Exercise – write a letter about a domestic situation to a relation.
Response – A letter between estranged siblings about their mother
Comment – Tried to cram as much sub-text into this one as I could.
I hope this letter finds you well. I know we have not communicated for a few years now, but we need to put aside our differences, as I am the bearer of difficult news.
Denise and I went to visit Mother yesterday. It has been a few weeks and we hadn’t heard anything, so guilt was setting in. When we arrived, it was an age before she answered. We thought she was out, or dead. But she eventually opened the door in her nightdress and asked who we were.
Inside, honestly the place was a pigsty. Plates and crockery left where the last mouthful was taken. Clothes left where they had been soiled and discarded. She has taken up smoking again and the house stinks. We opened windows, but the smell has already migrated to the curtains and cushions.
We asked if she was all right. She kept asking who we were, and saying we had to go as her boyfriend Peter was coming over to take her out. She seems to have lost fifty years and any memory of us. She sat there for an hour telling us about Dad. How she met him, how much she reckons he likes her. If it wasn’t for the lines on her face, you would believe she was a teenager again.
We tried to tell her that Dad was gone. Had left her a year ago, but she wouldn’t have it. Told us we were lying, trying to come between them. She became quite angry, shouted at us to leave.
Is this delayed grief, a refusal to accept what has happened? Before now, she has appeared so stoic. Perhaps this has been building. She has been a little more reserved recently. Stopped going to bridge club, no longer working in the charity shop. But, at the time we thought nothing of it. Well, we need to think about it, her know. This cannot go on. Whether this is madness or sorrow, the end result is the same. She needs constant care and she and we do not have the means to accommodate it, as you very well know.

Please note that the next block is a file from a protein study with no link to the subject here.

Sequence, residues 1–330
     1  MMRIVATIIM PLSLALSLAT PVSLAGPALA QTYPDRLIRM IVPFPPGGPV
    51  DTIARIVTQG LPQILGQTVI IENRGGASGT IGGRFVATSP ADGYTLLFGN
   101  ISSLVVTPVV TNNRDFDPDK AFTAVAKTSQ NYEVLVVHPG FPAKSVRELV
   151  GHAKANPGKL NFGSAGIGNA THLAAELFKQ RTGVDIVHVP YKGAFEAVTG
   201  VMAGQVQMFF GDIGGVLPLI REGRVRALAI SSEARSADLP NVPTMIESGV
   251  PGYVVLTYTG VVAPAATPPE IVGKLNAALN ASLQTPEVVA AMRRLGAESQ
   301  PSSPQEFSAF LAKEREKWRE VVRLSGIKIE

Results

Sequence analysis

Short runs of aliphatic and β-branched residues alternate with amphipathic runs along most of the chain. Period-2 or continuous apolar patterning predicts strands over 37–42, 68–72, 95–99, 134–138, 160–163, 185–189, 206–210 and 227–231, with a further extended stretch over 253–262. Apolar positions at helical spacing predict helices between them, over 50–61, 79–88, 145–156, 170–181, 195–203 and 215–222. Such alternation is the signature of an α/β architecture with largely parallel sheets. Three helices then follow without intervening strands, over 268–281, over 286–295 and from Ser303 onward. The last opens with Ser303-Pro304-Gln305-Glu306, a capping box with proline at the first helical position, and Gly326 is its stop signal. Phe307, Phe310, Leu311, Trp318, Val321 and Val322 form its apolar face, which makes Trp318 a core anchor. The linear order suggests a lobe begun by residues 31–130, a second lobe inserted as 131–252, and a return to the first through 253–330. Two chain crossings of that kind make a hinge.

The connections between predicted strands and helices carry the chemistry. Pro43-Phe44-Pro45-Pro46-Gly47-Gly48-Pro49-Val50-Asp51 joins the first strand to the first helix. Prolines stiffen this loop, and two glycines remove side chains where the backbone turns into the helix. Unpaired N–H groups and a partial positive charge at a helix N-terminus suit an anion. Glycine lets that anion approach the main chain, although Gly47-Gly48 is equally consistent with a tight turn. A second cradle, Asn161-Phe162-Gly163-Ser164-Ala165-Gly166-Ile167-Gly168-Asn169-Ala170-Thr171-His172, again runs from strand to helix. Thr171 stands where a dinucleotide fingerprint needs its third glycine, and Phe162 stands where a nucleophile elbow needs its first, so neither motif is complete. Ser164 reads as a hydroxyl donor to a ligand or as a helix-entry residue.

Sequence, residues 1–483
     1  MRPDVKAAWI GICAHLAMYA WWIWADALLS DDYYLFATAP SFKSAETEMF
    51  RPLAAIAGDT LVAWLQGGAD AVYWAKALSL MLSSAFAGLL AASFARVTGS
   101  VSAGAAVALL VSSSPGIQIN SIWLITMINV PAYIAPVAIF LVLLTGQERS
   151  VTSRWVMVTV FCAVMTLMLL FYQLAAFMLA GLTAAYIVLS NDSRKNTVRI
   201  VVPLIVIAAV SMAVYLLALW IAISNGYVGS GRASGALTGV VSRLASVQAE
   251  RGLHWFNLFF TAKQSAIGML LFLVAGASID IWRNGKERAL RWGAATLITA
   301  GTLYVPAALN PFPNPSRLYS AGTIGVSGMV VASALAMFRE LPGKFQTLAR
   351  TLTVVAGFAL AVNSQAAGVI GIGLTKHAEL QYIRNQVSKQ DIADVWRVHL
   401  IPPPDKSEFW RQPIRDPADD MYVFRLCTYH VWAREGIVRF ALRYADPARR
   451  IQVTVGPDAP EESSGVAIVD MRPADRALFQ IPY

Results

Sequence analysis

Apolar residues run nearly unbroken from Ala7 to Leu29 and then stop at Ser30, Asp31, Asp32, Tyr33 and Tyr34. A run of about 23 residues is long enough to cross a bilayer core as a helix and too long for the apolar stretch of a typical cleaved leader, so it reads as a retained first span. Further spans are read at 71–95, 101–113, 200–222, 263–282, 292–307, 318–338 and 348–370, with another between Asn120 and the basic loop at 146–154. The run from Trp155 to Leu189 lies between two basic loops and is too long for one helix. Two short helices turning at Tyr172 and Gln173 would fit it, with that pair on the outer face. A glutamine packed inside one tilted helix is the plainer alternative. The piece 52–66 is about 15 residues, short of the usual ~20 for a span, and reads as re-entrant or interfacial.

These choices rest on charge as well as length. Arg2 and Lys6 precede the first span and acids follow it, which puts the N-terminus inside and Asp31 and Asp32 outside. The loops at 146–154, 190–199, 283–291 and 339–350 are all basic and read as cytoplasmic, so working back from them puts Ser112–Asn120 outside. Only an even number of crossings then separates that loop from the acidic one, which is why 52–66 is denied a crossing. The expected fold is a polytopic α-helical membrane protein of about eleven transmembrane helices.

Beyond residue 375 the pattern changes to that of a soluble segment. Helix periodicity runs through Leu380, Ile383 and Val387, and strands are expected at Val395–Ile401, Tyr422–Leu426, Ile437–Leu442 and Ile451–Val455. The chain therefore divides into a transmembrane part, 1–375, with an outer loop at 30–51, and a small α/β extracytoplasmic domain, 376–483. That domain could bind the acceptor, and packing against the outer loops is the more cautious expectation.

I beg you. Please put aside the past, her rejection, my jealousy. We need to do what is best for our mother. Denise and I have done what we can, in our way. She now requires more, and even though she would never ask or ever admit it, she needs you.
Please call. My number is now 01223 830 226.
With Best Wishes
Exercise – write about a chaotic situation. 350-500 words
Response – how much crap can you dump on someone in less than five minutes
Comment – really enjoyed writing this. It flowed and took less than an hour from start to finish.
About Last Night
Pete returns to consciousness. Urgh! His mouth tastes of alcohol and sweat. His head pounds, his brain wants out, not prepared to put up with this regular weekend abuse. His hands cradle his head. Ohhh, please just stop hurting. Sunday is a day of rest and he intends to honour that singular bit of the scriptures with all the hungover religious fervour he can muster, nothing but tea and sympathy.